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UK’s response to modern slavery regarded as best in the world, says new report

Wednesday, 17 July 2019

Experts from the Rights Lab at the University of Nottingham have worked on a collaborative report looking at how governments from across the globe are responding to the problem of 40.3 million people living in modern slavery.

The ‘Measurement, Action, Freedom’ report, the world’s most comprehensive assessment of government action on the issue of modern slavery, was launched today (17 July) at the United Nations by Minderoo Foundation’s Walk Free initiative, the report author.

The data collected for this report was part of Minderoo’s collaboration with experts from the Rights Lab, the Commonwealth Human Rights Initiative (UK), and Regenesys.

The report is released a week after the Rights Lab was announced as an integral partner in a new cutting-edge policy and evidence centre by the Prime Minister.

The research ranks the UK number one in the world for its response to modern slavery, ahead of the Netherlands and US. These leading actors are characterised by strong political will, high levels of resources, and a strong civil society that holds governments to account.

However, the report also finds efforts in the UK have been hindered by restrictive migration policies, such as the UK’s ‘hostile environment’ policy, which increases the vulnerability of undocumented migrants to modern slavery.

The report finds that where safe migration pathways are blocked, migrants become increasingly vulnerable to exploitation and modern slavery. The ‘hostile environment’ has led to wrongful detention and deportation, and fear and uncertainty. It has limited access to safety nets, such as housing and legitimate work, for already vulnerable groups.

Whilst progress is being made globally, it is falling far short of where it needs to be, with 10,000 people currently needing to be freed each day to achieve UN Sustainable Development Goal 8.7 by 2030.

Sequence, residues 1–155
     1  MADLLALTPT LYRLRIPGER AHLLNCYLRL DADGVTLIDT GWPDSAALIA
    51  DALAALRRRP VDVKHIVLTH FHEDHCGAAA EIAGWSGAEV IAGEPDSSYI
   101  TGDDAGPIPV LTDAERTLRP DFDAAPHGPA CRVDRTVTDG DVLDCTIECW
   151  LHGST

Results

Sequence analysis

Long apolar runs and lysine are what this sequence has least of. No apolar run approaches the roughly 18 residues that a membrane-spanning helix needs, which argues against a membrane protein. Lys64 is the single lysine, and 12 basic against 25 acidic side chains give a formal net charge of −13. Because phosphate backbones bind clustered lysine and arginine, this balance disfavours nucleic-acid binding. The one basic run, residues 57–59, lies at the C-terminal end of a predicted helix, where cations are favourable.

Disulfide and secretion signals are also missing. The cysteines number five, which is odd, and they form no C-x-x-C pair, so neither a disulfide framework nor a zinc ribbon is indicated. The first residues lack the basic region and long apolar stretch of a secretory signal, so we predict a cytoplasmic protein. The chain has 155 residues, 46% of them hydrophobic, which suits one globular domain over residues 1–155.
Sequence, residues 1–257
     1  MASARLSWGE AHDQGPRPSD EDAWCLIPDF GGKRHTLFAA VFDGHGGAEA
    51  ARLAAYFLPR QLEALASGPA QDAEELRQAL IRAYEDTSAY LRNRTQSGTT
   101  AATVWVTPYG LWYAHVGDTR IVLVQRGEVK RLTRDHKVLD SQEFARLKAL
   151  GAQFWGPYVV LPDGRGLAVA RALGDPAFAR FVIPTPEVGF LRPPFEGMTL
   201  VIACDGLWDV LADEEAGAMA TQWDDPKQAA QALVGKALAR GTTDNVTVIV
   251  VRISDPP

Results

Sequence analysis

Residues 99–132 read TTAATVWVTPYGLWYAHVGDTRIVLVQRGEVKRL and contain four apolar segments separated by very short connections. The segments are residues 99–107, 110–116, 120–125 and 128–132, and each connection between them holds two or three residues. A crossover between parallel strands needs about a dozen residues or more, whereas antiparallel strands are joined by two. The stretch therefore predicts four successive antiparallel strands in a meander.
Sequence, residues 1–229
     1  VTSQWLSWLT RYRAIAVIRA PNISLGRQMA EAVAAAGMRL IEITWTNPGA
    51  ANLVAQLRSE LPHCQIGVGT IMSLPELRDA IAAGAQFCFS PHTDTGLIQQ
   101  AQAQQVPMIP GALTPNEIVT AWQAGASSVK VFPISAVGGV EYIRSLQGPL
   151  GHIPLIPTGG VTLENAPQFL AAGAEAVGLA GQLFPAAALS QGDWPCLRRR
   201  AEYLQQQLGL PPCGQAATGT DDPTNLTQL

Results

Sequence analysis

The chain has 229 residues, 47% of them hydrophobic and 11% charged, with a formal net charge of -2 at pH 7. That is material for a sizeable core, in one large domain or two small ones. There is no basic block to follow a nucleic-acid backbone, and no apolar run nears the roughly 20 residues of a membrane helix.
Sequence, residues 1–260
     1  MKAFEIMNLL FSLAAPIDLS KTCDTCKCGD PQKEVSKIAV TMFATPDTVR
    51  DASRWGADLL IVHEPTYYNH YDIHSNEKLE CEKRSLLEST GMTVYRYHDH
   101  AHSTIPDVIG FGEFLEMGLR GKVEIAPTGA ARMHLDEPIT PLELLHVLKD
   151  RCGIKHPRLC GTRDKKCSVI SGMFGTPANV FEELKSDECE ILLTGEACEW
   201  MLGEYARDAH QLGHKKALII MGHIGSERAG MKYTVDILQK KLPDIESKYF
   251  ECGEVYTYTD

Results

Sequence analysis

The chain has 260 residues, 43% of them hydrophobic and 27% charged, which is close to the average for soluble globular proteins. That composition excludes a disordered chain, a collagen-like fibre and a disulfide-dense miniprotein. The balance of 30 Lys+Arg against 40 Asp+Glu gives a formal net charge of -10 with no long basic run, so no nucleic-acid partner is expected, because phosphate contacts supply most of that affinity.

Experts from the Rights Lab completed data collection for 159 countries. The research involved two stages: the initial step was data collection through a recommended hierarchy of sources, and next was outreach to non-governmental organisations (NGOs).

Professor Zoe Trodd, Director of the Rights Lab at the University of Nottingham, said: "This brilliant report is in a class of its own. As the global anti-slavery community works towards SDG 8.7, we need milestones and indicators for progress, and examples of good practice. This data-driven global investigation into national anti-slavery governance tracks nations' progress across a huge number of datapoints and against a strong conceptual framework.

The Rights Lab was honoured to help with the data collection for this 2019 report, which provides a pathway to impact through its development of the global evidence base and its systematic analysis of factors driving and inhibiting effective anti-slavery governance. We are proud of its rigorous, innovative, and evidence-based research that engages with a vast range of interrelated factors and can be a blueprint for local, national and international adaptation."
Professor Zoe Trodd

‘Measurement, Action, Freedom’ found the 10 countries taking the most action to respond to modern slavery are the United Kingdom, the Netherlands, the United States, Portugal, Sweden, Argentina, Belgium, Spain, Croatia and Australia.

The 10 countries taking the least action to respond to modern slavery are North Korea, Eritrea, Libya, Iran, Equatorial Guinea, Burundi, Democratic Republic of the Congo, Congo, Russia and Somalia.

According to Walk Free’s 2018 Global Slavery Index (GSI), approximately 6.9 million people were in some form of modern slavery in these last 10 countries. This amounts to 17 percent of the total number of people in modern slavery living where there is limited, if any, government action.

“The ‘Measurement, Action, Freedom’ report finds that although we are making progress on responding to modern slavery, this progress is taking place at a glacial pace,” Walk Free manager of global research and one of the report authors, Katharine Bryant, said.

“If we’re serious about achieving SDG 8.7 by 2030, then we need to strengthen our measurement of government action to tackle this gross violation of human rights. We are joined by a coalition of 30 civil society groups which also believe that in order to track and accelerate progress we need to develop indicators for all forms of modern slavery under SDG 8.7.”

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More information is available from Professor Zoe Trodd at rightslab@nottingham.ac.uk

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